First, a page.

COVID-19 vaccines by Pfizer and Moderna do not harm male fertility, suggests a study which found the levels of sperm in participants remained at healthy levels after they got two doses of the mRNA preventive.
The study, published on Thursday in the journal JAMA, recruited 45 healthy male volunteers aged 18 to 50 years scheduled for mRNA COVID-19 vaccination by Pfizer-BioNTech and Moderna.The participants were pre-screened to ensure they had no underlying fertility issues. Those with COVID-19 symptoms or a positive test result within 90 days were excluded.
The men provided a semen sample after two to seven days of abstinence, prior to receiving the first vaccine dose and approximately 70 days after the second shot.
Semen analyses were performed by trained andrologists as per World Health Organization guidelines and included semen volume, sperm concentration, sperm motility, and total motile sperm count (TMSC).
"One of the reasons for vaccine hesitancy is the potential negative effect on fertility," the authors of the study from the University of Miami in the US noted.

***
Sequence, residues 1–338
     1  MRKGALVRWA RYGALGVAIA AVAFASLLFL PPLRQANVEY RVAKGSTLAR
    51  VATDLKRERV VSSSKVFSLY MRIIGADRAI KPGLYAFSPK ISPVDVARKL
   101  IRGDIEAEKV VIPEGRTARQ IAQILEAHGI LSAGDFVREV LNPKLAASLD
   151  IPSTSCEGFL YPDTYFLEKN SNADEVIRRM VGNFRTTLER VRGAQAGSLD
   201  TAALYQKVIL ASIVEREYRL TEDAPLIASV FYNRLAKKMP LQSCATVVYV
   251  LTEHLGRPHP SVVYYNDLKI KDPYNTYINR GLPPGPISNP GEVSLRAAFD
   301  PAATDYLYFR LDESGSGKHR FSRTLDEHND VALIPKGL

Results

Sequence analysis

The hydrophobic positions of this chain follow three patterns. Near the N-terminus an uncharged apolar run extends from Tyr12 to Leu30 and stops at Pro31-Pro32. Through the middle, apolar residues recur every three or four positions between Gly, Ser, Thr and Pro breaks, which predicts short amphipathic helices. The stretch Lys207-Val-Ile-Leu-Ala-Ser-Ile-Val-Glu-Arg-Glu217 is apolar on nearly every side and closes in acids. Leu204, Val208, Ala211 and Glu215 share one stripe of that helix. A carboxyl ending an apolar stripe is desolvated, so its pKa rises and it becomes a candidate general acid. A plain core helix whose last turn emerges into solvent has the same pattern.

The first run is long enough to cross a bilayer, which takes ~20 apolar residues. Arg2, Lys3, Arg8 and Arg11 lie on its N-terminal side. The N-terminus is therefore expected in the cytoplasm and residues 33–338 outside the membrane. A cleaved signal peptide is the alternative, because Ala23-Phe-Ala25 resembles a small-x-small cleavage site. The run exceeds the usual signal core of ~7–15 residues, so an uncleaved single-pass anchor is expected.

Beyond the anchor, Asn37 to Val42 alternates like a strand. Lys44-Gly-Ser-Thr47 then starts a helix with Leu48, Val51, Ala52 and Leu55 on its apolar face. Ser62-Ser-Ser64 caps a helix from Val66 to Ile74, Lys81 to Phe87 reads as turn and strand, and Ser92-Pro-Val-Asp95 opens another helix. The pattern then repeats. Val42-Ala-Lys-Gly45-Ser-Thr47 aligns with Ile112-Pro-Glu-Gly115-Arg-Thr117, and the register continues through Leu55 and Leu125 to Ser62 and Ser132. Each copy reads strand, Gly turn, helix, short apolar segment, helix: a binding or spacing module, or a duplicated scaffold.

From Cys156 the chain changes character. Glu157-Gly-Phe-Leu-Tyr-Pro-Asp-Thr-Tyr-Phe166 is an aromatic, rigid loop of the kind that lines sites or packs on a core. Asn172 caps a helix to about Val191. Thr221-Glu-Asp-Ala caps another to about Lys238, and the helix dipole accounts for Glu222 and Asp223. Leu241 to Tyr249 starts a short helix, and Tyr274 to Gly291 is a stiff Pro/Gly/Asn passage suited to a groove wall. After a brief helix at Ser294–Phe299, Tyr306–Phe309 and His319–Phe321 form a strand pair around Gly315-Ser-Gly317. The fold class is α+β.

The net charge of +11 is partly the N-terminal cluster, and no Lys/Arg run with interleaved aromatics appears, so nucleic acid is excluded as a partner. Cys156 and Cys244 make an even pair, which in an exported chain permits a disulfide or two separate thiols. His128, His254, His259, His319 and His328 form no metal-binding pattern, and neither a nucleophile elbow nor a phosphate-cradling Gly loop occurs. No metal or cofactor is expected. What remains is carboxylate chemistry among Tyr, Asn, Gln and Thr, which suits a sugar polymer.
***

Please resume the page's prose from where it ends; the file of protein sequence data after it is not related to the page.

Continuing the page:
"Because reproductive toxicity was not evaluated in the clinical trials and SARS-CoV-2 has been associated with decreases in sperm parameters, we assessed sperm parameters before and after mRNA vaccine administration," they said.
In the study of sperm parameters before and after two doses of a COVID-19 mRNA vaccine, there were no significant decreases in any sperm parameter among this small cohort of healthy men, the researchers found.Sperm concentration and total motile sperm count at the beginning of the study were 26 million/milliliter (mL) and 36 million, respectively.
After the second vaccine dose, the median sperm concentration significantly increased to 30 million/mL and the median TMSC to 44 million.
Semen volume and sperm motility also significantly increased, the researchers said.
Because the vaccines contain mRNA and not the live virus, it is unlikely that the vaccine would affect sperm parameters, they said.
The limitations of the study include the small number of men enrolled, short follow-up, and the lack of a control group.
The researchers also noted that while semen analysis is the foundation of male fertility evaluation, it is an imperfect predictor of fertility potential.